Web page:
Experimental Tropical Marine Ecology

Clouds, Crabs and Cornflakes
by -- March 6th, 2012

Day 3 (March 5, 2012)

The calendar might say that it is the dry season in Panama but the sky says differently. After falling asleep to the sound of torrential rainfall we woke up to cloudy skies. When we ventured out we discovered that there were bursts of rainfall lasting no longer than 30 seconds each. However, we did not let the weird weather deter us as we set off on a boat to the island of Bastimentos to collect hermit crabs. (The waves in one section of the trip were so choppy that I thought I was getting bone conditioning).

Abbie and Anika tracking the GPS location and making labels

We were transported through the rainforest to the Red Frog Beach on the back of a truck. The beach was located on the Red Frog Resort both named after the very poisonous strawberry poison dart frog native to Central America.

The professor and his class (minus Anika taking the picture)

"Completely safe, just don't touch it."

We then went on a long trek along the beach turning over logs looking for any crabs we could. We were getting desperate when an hour later we had only caught four (we had containers for 200). We stopped to talk about what we should do as we were already an hour late for lunch. We decided to continue forward and boy was that a decision we didn’t come to regret. Five minutes later we found a perfect spot where we captured all 200 crabs on one rotting tree. At one point I felt like I was a factory worker a part of a production line. We had a scouter and snagger, a cup holder and stacker, and a lid sealer and stasher. We had two of these lines running for about 15 minutes of non-stop excitement. Even when we had run out of containers we were swapping out small crabs for big guys that we spotted. On a high from our treasure trove find and driven forward by the growls of our stomachs we got back to our starting point in record timing.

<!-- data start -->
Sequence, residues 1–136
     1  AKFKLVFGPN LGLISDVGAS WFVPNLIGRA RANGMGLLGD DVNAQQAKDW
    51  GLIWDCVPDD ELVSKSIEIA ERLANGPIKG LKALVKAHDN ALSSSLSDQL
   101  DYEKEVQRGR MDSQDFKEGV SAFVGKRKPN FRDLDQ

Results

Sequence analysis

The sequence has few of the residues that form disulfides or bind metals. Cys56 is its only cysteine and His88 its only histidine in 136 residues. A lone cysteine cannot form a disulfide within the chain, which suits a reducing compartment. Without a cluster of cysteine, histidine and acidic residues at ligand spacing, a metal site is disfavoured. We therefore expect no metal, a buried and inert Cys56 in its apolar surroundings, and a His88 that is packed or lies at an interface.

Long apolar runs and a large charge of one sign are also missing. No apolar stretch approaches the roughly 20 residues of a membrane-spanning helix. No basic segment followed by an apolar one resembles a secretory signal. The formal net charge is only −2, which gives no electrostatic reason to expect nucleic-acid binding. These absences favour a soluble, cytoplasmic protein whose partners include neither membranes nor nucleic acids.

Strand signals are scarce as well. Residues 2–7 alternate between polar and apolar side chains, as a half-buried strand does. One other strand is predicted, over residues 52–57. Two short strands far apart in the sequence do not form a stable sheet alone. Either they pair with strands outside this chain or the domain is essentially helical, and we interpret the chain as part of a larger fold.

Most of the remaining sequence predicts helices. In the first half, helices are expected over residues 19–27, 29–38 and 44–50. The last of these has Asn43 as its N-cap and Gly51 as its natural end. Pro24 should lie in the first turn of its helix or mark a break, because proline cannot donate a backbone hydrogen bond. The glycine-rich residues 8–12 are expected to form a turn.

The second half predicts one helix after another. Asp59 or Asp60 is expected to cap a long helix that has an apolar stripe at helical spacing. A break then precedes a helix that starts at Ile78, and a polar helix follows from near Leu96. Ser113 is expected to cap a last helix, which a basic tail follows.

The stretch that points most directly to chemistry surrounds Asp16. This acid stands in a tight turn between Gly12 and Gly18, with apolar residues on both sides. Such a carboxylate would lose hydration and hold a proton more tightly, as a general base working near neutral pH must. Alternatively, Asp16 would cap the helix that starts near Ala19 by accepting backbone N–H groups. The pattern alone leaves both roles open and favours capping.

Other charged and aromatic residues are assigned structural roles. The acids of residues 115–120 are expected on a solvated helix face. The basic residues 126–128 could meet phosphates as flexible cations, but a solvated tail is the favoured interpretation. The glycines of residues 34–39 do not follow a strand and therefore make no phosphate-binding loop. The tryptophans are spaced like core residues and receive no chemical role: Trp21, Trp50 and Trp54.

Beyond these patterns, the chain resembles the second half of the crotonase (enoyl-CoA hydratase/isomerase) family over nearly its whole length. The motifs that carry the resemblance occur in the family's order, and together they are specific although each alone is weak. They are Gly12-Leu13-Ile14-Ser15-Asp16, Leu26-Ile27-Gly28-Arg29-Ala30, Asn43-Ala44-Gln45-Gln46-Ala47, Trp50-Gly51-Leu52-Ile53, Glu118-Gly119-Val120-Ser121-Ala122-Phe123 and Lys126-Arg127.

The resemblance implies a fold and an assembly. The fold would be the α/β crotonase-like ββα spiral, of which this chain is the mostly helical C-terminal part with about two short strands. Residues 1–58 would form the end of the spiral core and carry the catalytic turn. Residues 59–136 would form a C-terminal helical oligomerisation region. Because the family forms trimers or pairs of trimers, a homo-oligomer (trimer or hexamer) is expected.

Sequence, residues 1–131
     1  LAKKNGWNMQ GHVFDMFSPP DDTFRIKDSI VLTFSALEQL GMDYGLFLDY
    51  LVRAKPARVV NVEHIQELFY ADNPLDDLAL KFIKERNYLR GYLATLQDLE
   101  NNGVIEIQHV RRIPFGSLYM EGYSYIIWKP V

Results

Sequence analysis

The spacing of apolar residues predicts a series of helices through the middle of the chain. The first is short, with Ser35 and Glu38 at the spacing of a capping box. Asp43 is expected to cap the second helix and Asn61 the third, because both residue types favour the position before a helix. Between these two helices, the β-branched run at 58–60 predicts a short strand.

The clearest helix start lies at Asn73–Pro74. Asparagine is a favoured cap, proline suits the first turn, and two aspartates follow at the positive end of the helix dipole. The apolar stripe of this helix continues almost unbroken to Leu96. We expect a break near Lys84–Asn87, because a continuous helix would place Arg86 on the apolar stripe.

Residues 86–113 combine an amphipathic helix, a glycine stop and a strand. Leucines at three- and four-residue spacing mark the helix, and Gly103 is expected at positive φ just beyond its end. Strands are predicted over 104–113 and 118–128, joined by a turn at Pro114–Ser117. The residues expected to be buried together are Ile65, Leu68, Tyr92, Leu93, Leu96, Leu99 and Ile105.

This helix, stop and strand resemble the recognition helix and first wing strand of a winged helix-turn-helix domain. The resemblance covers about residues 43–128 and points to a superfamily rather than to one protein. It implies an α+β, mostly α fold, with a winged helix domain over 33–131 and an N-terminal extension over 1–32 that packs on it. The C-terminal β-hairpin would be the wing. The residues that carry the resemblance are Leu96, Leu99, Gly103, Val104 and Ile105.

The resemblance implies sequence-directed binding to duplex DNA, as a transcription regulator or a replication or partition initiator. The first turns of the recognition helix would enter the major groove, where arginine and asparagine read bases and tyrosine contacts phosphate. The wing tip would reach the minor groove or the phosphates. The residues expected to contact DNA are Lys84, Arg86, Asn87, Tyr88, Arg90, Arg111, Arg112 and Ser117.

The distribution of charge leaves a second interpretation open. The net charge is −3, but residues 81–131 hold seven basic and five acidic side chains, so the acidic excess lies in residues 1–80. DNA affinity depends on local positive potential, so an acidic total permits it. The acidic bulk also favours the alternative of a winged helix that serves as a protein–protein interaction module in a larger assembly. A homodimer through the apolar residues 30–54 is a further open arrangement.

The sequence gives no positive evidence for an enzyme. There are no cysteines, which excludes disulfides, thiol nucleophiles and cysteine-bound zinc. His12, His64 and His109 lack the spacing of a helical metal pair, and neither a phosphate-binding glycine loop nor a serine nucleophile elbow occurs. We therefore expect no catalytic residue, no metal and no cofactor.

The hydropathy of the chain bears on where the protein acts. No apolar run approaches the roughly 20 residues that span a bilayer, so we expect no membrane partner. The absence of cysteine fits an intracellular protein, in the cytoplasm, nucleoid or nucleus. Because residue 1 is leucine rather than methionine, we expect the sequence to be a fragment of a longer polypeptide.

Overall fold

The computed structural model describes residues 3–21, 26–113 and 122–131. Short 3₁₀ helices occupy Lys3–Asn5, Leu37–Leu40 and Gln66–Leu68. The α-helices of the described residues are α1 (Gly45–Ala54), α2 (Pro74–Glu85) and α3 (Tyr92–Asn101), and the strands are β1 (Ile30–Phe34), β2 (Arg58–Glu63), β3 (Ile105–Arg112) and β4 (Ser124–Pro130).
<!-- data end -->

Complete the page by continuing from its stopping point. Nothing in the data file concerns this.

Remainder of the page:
Back in the lab we filled an entire lab bench with our crabs and administered a small dose of water to them to keep them happy. When we got back to our apartment we came bearing many apologies as we got there 3 hours later than our lunch was scheduled. Eliza was there dutifully waiting to serve us the most wonderful meal (we say that about every meal). This time was extra special though (I’ll probably also say this about every meal) with lentil beans, sweet fried plantains, seasoned tomatoes, succulent beef, and rice. After our meal we stayed true to the saying “When in Panama…” [adapted] and took a siesta before heading back to the lab to start our crab orientation experiments.

True to what I said earlier, dinner was even more amazing and ended with sweet peaches for dessert (this blog is now turning into a food blog it would seem) and many laughs from Dr. Diaz’s stories. And before I close, just in case you were wondering what the cornflakes in the title are about (though you’ve probably already forgotten), it’s an inside joke that you’ll have to ask us about when we get back. Then again, we may just keep it to ourselves.

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